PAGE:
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WTF Friday: Steam Punk Rat Bike


The was last weekend and while I was sorting through the coverage I knew I had a good bike to showcase for this week’s WTF Friday.

When I saw the bike sitting on the ground my initial reaction was indeed WTF, followed by wow there’s been a lot of thought and creativity put into this build.

Built in a short four months by Toronto based this Steam Punk themed bike is powered by a Yamaha Roadstar 1600cc motor mounted into a truss style frame.

You’ve probably already noticed that this bike sits on the ground thanks to air suspension front and rear.

The air set up itself is pretty trick; the compressor is a from a BMW and it fills that green oxygen tank.

The entire thing is plumbed with copper hard-lines –as is the electrical system– and the owner was doing demonstrations of the suspension going up and down all day thanks to a charger hooked up to the bikes battery.

The battery resides in the green ammunition box if you were wondering.

Interesting details are literally all over every inch of this bike. By now I assume you’ve already noticed that Chevy valve covers make up the gas tank but did you also notice the ratchet handled, chain driven, jockey shifter?

No? how about the quick release tractor seat?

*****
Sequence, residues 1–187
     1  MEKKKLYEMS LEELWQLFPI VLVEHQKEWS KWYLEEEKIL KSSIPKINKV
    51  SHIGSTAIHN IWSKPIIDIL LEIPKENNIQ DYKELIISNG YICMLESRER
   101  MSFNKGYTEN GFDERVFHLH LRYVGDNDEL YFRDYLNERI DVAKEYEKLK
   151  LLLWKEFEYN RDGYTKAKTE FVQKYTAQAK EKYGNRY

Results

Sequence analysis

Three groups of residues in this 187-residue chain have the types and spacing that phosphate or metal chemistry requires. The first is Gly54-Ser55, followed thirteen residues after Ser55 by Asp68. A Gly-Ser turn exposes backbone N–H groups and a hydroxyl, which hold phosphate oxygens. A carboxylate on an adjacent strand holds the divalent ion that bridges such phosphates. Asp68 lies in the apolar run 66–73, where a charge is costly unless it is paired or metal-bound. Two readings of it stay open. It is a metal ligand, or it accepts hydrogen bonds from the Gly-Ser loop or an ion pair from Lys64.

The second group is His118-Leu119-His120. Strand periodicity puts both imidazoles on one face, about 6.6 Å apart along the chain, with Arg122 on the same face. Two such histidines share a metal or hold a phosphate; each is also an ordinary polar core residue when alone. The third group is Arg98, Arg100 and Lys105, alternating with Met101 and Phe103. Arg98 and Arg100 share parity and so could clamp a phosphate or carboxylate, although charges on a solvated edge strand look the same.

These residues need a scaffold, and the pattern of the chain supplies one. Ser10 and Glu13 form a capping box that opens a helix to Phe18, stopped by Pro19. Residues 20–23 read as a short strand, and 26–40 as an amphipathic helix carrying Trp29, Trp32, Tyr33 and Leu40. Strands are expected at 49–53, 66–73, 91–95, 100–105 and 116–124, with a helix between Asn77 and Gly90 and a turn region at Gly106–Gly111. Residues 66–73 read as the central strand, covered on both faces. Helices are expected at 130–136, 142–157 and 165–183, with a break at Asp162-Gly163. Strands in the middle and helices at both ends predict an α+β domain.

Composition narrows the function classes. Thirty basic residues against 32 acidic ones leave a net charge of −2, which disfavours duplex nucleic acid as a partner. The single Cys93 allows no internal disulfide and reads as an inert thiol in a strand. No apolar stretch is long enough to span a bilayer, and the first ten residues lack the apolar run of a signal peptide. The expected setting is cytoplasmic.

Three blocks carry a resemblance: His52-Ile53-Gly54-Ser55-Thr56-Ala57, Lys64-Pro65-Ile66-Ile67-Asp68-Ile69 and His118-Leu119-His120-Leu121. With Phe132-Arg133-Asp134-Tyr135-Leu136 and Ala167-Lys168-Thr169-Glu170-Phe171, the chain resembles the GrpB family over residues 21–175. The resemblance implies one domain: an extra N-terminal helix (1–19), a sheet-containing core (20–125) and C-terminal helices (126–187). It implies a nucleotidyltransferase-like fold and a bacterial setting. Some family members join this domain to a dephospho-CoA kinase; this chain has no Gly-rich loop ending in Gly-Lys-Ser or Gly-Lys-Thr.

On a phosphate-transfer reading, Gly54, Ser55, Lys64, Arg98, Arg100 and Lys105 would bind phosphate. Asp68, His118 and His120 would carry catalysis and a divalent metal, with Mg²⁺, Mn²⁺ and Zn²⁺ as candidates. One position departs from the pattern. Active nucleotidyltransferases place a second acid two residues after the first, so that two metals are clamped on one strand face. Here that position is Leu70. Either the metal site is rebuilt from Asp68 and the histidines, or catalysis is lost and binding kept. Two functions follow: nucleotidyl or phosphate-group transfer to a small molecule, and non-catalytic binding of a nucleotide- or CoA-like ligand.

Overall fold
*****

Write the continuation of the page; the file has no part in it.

The gauges on the truck reside in a custom-made copper “dash” and the tiny Canadian Club whiskey bottles you see on either side of the fork make up the bikes turn signals.

The springer fork uses wrenches as rockers and hides an air bag between the legs. The chain-drive in the rear is supported by a series of tensioners which help keep the chain in alignment throughout the suspensions articulation.

Fittingly an oil can serves as the bikes oil pan, and for foot controls I am sure you’ve noticed the 50mm bullets.

Unsurprisingly the bike drew a lot of attention at Motorama including the attention of Vegas Rat Rods’s Steve Darnell who awarded it prestigious the RatRod award.

The builder/owner isn’t quite done with the bike as he plans to add a steam-powered horn as well. I am not sure if plans are to ride the bike, sell it, or just keep displaying it but it is darn wild any way you look at it.

Look for more coverage from Motorama to start Monday!

Theme Tuesdays: Corvettes


Some of the most obvious vehicles fall through the cracks for Theme Tuesdays becsuse in my effort to get creative with the weekly themes I over look some of the most obvious platforms. This time around Corvettes are the most obvious.

By nature most of the Corvettes in today’s post have a performance air about them but there are a few built to just plain look awesome.

I really ought to make a return trip to Legendary Motor Car Company sometime soon to see more gems like this C1
This black beauty, was an actual race car and a feature car 
Another race car, or rather street car/race car split isn’t period correct but rather a new Pro Touring build
There’s a lot of cars in this post from various SEMA shows and this particular House Of Koloa painted car still manages to look outstanding today.
Another SEMA spot, I believe this is (was?) the fastest Street Legal Corvette at the time
I legitimately have no idea if this car was ever completed, might have to do a little digging 
The Optima Street Car Invitational event and Corvettes appear to go together like bread and butter
This is from a more recent SEMA show (2014), the windshield banner suggests this car might hold a surprise or two
Brian Hobaugh’s car actually makes an appearance in the next Fast and Furious movie where it gets destroyed when the team tries to hog tie Dom. I prefer the clip below though: